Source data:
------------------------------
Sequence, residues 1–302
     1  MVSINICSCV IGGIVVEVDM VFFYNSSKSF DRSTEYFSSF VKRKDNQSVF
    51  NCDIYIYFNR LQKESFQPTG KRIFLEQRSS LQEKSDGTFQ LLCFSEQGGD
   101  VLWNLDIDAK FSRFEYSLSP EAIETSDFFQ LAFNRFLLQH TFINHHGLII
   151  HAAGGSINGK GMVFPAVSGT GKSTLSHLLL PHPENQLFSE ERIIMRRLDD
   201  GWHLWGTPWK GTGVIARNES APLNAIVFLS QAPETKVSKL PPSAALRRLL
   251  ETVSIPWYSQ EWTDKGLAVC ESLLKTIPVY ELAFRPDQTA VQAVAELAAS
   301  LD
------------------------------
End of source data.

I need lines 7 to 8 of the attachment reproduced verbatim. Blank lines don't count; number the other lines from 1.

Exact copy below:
   251  ETVSIPWYSQ EWTDKGLAVC ESLLKTIPVY ELAFRPDQTA VQAVAELAAS
   301  LD